As business owners, we are all challenged with the COVID-19 pandemic and many people are wondering how worker's compensation comes into play. Think of the COVID-19 virus as any other virus that employees are exposed to. What benefits are available when employees get sick and have to stay home to recuperate?
When employees get sick with the flu, or any other virus for that matter, health insurance is the primary remedy for medical costs associated with those illnesses. Additionally, most employees will use PTO or sick days that are part of the company's benefits plans to cover lost short-term wages. Since it is extremely difficult to prove an illness was contracted at work, worker's compensation claims are rarely filed. However, under current conditions of this pandemic, I suspect employers may see worker's compensations claims filed if someone within the workplace is diagnosed with the coronavirus and another employee later tests positive for the virus.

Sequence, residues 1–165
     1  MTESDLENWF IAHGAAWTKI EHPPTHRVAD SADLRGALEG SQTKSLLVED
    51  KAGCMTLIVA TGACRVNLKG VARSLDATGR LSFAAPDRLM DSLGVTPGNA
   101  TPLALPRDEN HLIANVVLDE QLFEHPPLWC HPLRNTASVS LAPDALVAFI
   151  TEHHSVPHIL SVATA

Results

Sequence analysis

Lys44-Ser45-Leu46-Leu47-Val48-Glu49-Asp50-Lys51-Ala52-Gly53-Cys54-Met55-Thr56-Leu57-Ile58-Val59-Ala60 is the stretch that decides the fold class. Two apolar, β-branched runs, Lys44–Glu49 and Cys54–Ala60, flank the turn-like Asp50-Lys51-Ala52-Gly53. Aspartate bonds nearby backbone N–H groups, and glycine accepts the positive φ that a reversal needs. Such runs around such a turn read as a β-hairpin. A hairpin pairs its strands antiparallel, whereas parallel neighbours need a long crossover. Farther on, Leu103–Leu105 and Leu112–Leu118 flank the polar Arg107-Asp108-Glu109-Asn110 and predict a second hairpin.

Under those circumstances, that may constitute a compensable worker's compensation claim. If an employee requests that you file a worker's compensation claim due to coronavirus, please turn the claim in to your worker's compensation insurance carrier and let the adjuster make the decision. By doing so, it takes the exposure off of the policyholder since the policyholder has transferred risk to the worker's compensation insurance carrier. If any lawsuits would ensue, the insurance carrier would then be responsible for providing legal defense since it was their decision on the compensability for the worker's compensation claim.
All cases will be different. By turning in a claim, you as the policyholder are protected. Keep in mind, if the worker's compensation insurer denies the claim and nothing is paid, it does not affect your premium on your worker's compensation policy.
If you have questions, please contact your trusted advisors at Hausmann-Johnson Insurance.